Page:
Jusepe de Ribera
Oil on canvas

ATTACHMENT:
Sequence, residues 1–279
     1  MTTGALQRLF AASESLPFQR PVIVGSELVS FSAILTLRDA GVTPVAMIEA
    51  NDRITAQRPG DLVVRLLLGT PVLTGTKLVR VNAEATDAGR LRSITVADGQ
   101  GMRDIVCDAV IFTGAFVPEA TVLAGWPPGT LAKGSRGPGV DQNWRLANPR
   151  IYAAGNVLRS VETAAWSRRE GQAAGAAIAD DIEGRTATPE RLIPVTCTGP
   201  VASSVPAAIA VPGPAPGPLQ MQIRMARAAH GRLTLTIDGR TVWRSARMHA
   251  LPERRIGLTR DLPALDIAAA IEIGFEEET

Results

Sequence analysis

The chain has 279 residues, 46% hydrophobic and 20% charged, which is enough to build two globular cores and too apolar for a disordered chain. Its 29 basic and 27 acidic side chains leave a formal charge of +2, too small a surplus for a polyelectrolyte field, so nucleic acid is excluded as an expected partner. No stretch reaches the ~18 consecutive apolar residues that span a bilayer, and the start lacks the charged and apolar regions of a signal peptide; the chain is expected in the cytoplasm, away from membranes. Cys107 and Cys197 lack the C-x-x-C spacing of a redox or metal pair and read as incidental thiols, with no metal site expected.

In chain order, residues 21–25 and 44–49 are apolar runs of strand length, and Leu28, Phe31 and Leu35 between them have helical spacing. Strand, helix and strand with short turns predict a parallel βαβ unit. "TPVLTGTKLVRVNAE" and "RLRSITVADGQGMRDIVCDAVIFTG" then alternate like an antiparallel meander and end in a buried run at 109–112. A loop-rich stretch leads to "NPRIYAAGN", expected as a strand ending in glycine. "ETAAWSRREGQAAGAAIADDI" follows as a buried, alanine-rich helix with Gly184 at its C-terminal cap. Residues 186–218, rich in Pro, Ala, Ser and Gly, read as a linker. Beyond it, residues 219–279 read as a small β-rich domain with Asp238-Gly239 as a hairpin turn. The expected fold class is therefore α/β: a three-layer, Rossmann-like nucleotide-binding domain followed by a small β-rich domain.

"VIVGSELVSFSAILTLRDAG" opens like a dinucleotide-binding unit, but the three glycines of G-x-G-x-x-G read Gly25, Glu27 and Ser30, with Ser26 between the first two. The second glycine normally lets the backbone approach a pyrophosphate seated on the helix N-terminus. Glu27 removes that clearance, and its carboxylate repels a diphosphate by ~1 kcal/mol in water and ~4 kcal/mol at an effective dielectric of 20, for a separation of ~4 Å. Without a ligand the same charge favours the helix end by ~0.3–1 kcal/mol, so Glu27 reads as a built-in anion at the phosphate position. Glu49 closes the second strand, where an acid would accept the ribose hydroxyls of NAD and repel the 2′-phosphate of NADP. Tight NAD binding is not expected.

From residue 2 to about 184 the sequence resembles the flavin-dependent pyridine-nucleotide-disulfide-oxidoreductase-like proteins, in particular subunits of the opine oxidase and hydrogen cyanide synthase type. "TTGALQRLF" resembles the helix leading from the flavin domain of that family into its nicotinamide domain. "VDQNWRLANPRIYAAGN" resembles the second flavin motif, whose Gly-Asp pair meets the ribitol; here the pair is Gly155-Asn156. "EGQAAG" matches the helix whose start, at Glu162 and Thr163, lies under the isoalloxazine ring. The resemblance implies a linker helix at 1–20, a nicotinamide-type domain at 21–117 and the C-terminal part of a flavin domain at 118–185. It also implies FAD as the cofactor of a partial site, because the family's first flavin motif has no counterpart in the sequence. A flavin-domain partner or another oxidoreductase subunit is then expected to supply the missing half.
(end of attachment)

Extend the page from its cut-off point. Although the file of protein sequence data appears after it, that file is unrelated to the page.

Although he worked in Italy as a painter and printmaker, Jusepe de Ribera was a native Spaniard, nicknamed “Lo Spagnoletto” (the Little Spaniard). As an artist in training, he was especially drawn to the work of Coreggio and Caravaggio, and his early work exhibits many “Carivaggesque” qualities. Later in life, Ribera experimented with a softer, more classical style. The Immaculate Conception was still a popular subject in art during the Baroque era, when the Catholic Church was concerned with leading its followers away from the teachings of the Protestant Reformation. There was a rise in the popularity of more fantastical, emotional subjects in art. It’s fitting, then that the almost magical quality of the Immaculate Conception scene would be favored over the understated Annunciation paintings of the Renaissance.